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UBC Theses and Dissertations

Investigation of effective stiffness of high-rise concrete shear walls Korchinski, Aaron David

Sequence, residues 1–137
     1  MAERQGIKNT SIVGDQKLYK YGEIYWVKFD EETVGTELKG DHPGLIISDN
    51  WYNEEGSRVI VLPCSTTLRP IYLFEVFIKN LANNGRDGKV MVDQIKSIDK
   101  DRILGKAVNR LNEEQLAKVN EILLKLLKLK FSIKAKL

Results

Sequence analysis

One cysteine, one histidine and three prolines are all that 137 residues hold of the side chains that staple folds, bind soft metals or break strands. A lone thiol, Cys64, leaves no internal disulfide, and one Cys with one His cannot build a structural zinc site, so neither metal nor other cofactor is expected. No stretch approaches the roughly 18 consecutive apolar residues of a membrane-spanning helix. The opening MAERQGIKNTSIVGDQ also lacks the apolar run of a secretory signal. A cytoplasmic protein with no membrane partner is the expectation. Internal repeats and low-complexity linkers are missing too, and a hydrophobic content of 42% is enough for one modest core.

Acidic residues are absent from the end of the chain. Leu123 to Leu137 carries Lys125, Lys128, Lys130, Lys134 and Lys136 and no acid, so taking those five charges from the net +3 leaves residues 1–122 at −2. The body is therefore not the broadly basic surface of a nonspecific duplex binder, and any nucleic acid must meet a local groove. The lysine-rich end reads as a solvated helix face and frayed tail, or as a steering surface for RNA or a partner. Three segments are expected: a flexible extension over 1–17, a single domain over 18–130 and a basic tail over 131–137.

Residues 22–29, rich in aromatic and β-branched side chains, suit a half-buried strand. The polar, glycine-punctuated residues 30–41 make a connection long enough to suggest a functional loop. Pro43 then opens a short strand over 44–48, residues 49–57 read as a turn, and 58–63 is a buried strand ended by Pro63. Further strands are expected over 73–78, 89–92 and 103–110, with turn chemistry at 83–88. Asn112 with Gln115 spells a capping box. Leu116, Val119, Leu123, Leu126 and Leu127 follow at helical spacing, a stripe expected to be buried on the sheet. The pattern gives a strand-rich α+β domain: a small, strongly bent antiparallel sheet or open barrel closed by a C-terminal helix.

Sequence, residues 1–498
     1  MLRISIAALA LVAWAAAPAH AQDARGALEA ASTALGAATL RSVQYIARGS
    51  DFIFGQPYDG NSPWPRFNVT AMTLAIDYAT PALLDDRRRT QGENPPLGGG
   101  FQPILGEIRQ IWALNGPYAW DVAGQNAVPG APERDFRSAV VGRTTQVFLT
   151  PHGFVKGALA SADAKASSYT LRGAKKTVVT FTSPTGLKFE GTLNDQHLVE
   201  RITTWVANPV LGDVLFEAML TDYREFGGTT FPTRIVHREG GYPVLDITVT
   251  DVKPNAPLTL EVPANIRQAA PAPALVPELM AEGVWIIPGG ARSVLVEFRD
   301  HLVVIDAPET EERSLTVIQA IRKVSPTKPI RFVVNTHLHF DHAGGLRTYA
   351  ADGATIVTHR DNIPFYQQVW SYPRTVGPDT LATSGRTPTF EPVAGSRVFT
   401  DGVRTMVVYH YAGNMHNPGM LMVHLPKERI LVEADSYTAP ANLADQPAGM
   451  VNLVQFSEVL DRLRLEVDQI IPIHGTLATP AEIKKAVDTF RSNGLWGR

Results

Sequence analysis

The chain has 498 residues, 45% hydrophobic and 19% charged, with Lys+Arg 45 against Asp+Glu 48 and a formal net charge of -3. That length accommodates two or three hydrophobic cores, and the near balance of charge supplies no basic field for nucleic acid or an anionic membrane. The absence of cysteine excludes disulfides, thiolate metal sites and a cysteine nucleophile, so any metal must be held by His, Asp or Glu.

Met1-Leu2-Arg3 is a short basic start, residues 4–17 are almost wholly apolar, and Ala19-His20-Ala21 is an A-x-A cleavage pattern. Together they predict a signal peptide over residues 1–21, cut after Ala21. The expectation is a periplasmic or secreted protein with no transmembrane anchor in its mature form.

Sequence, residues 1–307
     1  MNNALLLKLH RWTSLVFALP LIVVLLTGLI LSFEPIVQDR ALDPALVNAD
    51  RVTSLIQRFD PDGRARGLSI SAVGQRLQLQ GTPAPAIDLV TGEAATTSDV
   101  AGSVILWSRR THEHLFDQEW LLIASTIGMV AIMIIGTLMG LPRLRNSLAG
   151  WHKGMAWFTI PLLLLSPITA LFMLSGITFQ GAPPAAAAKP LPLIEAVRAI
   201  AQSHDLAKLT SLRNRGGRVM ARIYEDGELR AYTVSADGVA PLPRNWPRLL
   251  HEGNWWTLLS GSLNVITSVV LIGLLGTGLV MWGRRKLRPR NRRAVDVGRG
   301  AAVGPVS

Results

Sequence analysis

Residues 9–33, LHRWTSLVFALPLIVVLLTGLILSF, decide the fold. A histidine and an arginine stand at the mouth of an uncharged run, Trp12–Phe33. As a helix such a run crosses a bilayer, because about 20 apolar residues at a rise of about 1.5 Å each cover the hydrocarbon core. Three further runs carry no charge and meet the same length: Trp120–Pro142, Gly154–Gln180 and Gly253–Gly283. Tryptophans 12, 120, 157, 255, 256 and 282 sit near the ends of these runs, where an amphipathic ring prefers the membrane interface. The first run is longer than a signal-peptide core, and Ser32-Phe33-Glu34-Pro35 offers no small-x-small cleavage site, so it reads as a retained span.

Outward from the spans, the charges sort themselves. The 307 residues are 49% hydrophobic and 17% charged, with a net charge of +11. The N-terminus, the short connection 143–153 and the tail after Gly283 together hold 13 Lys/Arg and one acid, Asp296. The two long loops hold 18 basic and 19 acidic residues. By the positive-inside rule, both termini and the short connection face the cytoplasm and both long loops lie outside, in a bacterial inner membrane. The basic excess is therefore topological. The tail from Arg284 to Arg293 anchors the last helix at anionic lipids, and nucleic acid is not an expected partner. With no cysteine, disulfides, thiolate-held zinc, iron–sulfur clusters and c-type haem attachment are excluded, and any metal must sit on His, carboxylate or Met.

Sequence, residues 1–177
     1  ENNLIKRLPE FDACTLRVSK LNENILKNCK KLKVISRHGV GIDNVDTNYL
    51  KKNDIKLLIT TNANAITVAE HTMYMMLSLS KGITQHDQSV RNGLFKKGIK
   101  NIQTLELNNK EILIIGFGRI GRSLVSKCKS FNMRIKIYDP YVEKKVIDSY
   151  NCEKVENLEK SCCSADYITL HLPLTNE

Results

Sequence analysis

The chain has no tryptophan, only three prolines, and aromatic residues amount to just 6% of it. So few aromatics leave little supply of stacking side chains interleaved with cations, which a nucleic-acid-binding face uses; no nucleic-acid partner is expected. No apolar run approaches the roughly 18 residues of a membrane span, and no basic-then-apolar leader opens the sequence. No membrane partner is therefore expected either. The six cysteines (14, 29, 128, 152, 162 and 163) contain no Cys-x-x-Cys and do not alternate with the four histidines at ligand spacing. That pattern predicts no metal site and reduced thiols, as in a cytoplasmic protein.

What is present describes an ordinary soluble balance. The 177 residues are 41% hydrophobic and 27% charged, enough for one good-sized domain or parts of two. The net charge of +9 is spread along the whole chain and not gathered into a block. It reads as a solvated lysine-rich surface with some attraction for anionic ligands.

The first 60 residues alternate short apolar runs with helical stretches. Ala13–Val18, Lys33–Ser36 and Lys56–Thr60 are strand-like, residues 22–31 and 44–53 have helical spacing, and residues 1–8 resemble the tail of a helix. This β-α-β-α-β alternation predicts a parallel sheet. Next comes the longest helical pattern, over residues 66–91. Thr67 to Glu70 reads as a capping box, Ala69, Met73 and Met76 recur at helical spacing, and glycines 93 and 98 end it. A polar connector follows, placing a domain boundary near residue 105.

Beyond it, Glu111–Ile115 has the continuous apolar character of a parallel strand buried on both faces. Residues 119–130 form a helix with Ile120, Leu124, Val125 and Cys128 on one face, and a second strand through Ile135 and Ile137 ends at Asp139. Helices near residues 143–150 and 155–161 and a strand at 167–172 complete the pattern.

High-rise concrete shear walls are expected to crack during an earthquake. To account for cracking when conducting linear seismic analysis an effective moment of inertia I[subscript]e; recommendations for I[subscript]e vary widely. Expressions for the upper and lower bound effective stiffness were previously developed using bilinear curves with equal area-under-the-curve as the actual nonlinear force-displacement curves determined by numerically integrating a trilinear moment-curvature model. In this thesis, the analysis tools required to study the transition between an uncracked and a severely cracked response are developed. These tools include a simplified force-displacement relationship that approximates the theoretical response better than numerical integration of a trilinear moment-curvature model. A hysteretic force-displacement model is also developed through using experimental data obtained f rom large scale wall specimen. The hysteretic model is implemented into OpenSees to allow for nonlinear time history analysis of high-rise concrete shear walls as a single-degree-of-freedom system that accounts for the effects of cracking. The maximum nonlinear displacement is used to find the effective elastic stiffness. The factor α quantifies the amount the initial stiffness of the wall needs to be reduced for an elastic system to have the same maximum displacement. A range of R values are studied by scaling the ground motions so the elastic demand is R times greater than the strength of the wall. This scaling method is verified as part of the thesis work. A suite of unmodified ground motions and a suite of modified spectrum matched ground motions are used in this study. A set of generalized walls are developed to represent the range of wall shapes, re- inforcement and axial load o f typical high-rise concrete shear walls. A preliminary nonlinear time history analysis is conducted for nineteen generalized walls using two suites of ground motions at initial periods of 2 and 4 seconds with nineteen R values ranging from 0.5 to 5.0. The results of the analysis suggest that determining effective stiffness from equal area bilinear curves has limited success. The trends in stiffness effective stiffness are remarkably similar considering the wide range of generalized walls studied. T h e initial period has greater influence on effective stiffness than the shape of the force-displacement curve. T h e effective stiffness dropped sharply for higher R values for the 2 second initial period while remain constant for the 4 second initial period.

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